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DNREC produces wetlands report card on Leipsic River Watershed’s health and management recommendations

Department of Natural Resources and Environmental Control | Division of Watershed Stewardship | Date Posted: Thursday, June 22, 2017


DNREC Logo

DOVER – DNREC’s Wetland Monitoring and Assessment Program announced that its final report on the health of wetlands located in Kent County’s Leipsic River Watershed and Little Creek area – the eighth in a series of watershed-specific wetland health reports – has been given a C+ grade for their current condition, with opportunity for improvement. Tidal wetlands in the watersheds were in the best health of the four types evaluated, and received a B- grade overall, mostly as a result of a lack of grid ditching and undeveloped buffers.

The Leipsic River Watershed

In the summer of 2013, teams of wetland scientists from the program visited a total of 128 randomly-selected sites within the Leipsic River Watershed. Using condition assessment checklists and biological metrics, they found wetlands in the watershed were in fair condition, and that the most common stressors to them were invasive plants; digging, filling, and/or ditching of wetlands; and agriculture or development in the wetlands’ surrounding buffer area.

DNREC’s data was used to create a technical report on the Leipsic River Watershed that summarized not only the health of these wetlands, but also examined how wetland acreage has changed in recent decades, what value wetlands provide, and discussed how trends in land use have and will impact wetlands across the watershed. Land use in the watershed is dominated by agriculture and wetlands, nearly three-quarters of which are saltwater wetlands that act as beneficial resources for both people and wildlife. Impacts to wetland health can diminish a wetland’s ability to perform at full capacity to minimize flooding, control erosion, improve water quality, and provide a biologically rich habitat for plants and animals.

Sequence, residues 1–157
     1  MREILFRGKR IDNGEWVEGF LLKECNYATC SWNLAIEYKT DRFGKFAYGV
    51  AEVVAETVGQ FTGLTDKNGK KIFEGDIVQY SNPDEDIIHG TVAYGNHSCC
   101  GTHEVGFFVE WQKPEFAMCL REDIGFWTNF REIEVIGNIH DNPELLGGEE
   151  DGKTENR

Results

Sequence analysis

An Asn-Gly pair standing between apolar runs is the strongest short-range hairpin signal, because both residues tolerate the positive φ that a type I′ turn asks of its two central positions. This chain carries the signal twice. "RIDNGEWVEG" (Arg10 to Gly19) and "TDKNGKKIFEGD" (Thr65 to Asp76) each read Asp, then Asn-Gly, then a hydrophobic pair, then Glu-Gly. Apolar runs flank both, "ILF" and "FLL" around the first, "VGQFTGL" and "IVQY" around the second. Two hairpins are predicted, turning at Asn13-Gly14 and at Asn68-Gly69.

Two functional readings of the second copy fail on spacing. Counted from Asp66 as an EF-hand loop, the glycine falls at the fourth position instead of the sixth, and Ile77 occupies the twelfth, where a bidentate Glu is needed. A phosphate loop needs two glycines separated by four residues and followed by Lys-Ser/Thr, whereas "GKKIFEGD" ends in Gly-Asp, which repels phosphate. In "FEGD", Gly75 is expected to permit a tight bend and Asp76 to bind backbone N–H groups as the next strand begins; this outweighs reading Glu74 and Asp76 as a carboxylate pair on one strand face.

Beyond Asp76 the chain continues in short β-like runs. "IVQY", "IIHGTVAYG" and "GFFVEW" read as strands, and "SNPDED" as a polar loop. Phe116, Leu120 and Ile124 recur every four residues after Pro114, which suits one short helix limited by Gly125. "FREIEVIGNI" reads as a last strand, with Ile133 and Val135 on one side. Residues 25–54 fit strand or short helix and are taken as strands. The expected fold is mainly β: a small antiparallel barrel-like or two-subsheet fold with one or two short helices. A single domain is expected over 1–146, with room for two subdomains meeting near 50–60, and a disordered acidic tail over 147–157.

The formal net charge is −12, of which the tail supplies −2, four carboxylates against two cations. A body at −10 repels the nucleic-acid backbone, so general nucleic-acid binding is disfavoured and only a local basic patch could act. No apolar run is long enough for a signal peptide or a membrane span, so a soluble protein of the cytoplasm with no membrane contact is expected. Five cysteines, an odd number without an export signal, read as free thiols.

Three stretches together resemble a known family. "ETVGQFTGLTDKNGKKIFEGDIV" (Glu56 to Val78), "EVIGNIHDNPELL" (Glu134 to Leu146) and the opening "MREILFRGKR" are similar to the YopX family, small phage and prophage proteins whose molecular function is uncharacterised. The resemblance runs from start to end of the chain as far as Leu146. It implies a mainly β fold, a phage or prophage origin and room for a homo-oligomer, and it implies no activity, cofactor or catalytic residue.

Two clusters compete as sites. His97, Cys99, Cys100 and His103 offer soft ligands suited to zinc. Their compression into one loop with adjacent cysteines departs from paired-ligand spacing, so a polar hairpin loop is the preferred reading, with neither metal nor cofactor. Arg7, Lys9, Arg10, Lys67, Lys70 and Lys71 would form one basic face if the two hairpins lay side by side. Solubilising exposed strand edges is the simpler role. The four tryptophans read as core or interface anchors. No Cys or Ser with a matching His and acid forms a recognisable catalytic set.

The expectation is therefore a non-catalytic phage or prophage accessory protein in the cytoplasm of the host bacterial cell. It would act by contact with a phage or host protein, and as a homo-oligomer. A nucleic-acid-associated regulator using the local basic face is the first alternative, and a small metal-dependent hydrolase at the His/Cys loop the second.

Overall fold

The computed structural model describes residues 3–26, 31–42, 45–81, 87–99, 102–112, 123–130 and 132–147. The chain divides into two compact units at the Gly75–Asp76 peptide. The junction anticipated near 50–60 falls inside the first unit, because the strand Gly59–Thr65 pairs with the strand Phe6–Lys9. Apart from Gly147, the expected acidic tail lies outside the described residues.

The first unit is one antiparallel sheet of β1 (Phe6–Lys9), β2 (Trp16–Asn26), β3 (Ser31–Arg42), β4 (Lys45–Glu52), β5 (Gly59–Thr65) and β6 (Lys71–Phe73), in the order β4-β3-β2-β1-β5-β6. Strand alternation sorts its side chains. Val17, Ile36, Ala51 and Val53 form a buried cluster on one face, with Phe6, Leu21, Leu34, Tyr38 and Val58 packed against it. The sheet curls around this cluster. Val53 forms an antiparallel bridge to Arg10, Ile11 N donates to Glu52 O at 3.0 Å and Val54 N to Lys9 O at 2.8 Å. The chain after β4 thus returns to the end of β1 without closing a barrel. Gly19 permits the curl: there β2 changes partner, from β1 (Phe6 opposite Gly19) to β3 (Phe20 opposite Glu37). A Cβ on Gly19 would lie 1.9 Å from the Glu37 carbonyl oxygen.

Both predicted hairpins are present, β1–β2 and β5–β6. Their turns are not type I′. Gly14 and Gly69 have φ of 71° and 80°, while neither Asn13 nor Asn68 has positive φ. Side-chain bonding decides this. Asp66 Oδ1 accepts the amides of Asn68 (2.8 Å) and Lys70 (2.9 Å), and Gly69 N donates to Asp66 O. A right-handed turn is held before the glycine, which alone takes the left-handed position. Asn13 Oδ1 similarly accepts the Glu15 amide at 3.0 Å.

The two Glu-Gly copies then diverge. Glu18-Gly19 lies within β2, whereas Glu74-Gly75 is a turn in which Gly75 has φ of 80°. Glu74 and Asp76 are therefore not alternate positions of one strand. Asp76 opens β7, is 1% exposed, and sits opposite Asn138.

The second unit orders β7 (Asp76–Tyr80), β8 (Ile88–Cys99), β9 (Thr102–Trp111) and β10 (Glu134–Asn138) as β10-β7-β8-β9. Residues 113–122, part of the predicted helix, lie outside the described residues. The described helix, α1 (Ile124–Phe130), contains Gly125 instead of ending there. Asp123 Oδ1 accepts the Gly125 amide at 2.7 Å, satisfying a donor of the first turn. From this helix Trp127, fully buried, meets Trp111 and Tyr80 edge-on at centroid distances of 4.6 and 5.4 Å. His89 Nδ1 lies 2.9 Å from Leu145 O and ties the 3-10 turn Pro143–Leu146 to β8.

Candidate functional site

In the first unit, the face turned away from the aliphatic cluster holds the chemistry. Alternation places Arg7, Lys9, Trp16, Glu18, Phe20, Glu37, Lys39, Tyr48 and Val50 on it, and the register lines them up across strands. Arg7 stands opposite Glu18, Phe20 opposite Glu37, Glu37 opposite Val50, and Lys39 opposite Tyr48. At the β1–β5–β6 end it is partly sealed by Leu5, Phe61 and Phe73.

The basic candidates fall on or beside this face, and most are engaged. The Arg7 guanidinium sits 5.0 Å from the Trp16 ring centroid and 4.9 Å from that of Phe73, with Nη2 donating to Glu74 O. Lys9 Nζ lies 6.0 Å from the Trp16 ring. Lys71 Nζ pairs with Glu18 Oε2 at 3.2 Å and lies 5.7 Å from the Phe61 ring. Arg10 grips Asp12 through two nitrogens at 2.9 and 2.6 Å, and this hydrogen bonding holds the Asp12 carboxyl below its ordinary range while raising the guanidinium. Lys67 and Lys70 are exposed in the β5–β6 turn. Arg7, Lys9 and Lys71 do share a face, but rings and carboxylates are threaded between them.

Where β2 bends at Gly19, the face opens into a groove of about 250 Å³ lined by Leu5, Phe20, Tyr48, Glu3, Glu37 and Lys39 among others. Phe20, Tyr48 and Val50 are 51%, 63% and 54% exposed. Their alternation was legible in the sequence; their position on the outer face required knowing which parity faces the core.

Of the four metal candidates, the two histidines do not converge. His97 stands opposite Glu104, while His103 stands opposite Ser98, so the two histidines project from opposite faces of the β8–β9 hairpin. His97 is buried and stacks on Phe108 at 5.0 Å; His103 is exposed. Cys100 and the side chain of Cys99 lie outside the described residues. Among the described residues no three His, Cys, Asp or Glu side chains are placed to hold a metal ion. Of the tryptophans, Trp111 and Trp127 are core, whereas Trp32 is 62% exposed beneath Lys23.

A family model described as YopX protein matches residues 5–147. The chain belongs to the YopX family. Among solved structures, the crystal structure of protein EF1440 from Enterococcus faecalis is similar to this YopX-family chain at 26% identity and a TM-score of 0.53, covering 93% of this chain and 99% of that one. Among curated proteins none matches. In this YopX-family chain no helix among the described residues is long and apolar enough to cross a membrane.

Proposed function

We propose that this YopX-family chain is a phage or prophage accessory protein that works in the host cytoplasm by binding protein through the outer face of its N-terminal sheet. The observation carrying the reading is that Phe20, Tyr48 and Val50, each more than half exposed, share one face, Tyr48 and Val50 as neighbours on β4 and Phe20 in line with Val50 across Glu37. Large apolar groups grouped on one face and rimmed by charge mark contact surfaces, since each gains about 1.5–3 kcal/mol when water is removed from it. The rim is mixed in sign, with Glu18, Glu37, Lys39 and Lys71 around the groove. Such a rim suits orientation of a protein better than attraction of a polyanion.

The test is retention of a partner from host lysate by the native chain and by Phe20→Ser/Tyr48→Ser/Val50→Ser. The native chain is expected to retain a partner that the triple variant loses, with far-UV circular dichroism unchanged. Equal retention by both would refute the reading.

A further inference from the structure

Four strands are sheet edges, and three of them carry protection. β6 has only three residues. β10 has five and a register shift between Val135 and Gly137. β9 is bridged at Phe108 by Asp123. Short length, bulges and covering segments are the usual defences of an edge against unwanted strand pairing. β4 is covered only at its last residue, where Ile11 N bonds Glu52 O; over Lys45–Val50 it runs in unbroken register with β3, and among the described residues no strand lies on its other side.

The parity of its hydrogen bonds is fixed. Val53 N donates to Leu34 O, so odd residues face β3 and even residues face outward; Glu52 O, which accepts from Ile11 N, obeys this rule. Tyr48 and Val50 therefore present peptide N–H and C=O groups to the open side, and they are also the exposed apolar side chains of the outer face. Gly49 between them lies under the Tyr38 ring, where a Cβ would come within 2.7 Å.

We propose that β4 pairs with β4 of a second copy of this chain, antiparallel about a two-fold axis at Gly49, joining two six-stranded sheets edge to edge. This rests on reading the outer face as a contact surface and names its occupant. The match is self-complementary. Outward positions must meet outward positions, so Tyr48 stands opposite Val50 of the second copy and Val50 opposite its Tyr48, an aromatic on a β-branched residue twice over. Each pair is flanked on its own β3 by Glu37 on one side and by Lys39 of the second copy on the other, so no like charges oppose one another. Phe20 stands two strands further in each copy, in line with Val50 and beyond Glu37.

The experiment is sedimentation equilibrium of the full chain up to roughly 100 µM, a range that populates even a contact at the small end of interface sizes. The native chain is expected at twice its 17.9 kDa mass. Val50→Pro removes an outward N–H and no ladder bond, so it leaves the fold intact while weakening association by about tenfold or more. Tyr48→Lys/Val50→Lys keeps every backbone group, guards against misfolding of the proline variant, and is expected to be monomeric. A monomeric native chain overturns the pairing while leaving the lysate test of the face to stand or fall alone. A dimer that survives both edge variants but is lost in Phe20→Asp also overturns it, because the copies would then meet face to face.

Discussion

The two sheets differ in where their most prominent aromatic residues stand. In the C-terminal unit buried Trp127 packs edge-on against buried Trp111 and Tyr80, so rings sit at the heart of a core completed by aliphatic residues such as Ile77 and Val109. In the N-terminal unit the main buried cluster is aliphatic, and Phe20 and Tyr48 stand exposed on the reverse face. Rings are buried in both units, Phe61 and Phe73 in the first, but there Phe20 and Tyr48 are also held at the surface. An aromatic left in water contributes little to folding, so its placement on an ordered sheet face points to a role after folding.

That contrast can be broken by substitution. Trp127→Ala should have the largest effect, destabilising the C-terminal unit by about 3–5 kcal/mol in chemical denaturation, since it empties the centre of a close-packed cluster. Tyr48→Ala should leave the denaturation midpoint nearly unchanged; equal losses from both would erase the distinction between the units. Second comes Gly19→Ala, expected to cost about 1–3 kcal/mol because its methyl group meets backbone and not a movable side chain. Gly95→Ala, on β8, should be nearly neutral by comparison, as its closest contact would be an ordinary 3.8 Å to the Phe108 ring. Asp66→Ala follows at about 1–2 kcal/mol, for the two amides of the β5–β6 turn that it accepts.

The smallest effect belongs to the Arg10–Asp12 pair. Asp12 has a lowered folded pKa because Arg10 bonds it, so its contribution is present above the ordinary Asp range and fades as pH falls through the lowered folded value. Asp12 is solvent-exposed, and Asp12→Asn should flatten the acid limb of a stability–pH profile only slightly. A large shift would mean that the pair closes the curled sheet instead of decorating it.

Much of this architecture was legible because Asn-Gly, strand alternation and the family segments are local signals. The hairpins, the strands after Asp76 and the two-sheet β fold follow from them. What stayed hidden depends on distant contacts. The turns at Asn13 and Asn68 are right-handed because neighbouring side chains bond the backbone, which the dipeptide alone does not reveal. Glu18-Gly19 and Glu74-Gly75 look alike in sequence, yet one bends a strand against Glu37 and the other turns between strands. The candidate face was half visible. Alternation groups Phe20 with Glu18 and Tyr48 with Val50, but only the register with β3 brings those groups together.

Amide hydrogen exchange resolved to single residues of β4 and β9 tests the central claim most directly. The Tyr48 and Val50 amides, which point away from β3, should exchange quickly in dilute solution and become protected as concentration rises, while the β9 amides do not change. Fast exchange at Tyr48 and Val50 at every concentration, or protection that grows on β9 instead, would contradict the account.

“Unfortunately, approximately 21 percent of this watershed’s wetlands have already been lost due to human conversion into development and agriculture, and more recently natural conversion to open water along the coastline,” said Alison Rogerson, DNREC environmental scientist and program lead for the Wetland Monitoring and Assessment Program. “But this opens an opportunity for citizens and landowners to benefit from restoring and protecting local wetlands by taking small steps.”

Based on assessment results, DNREC made 12 specific management recommendations targeted at scientists, decision makers, and landowners. These included increasing citizen education and involvement through outreach, encouraging vegetated buffers around streams and wetlands, promoting protection and restoration of wetlands, updating decades old tidal wetland maps, and exploring innovative restoration techniques such as living shorelines.

The Leipsic River Watershed is composed of two sub-watersheds that flow into the Delaware Bay: the Leipsic River, which originates in Kenton and flows approximately 19 miles eastward through Bombay Hook National Wildlife National Wildlife Refuge; and Little Creek (also known as Little River), which flows for approximately eight miles through the town of Little Creek.

The wetland reports and the work of the Wetland Monitoring and Assessment Program are made possible by EPA Region 3 Wetland Program Development funding. To view the full report on Leipsic and Little Creek, the wetlands report card, and more information on assessment methods, please visit http://de.gov/leipsicwetlands.

Media contact: Joanna Wilson, DNREC Public Affairs, 302-739-9902.

Vol. 47, No. 144

-30-

print

Recent Stories


Related Topics:  , ,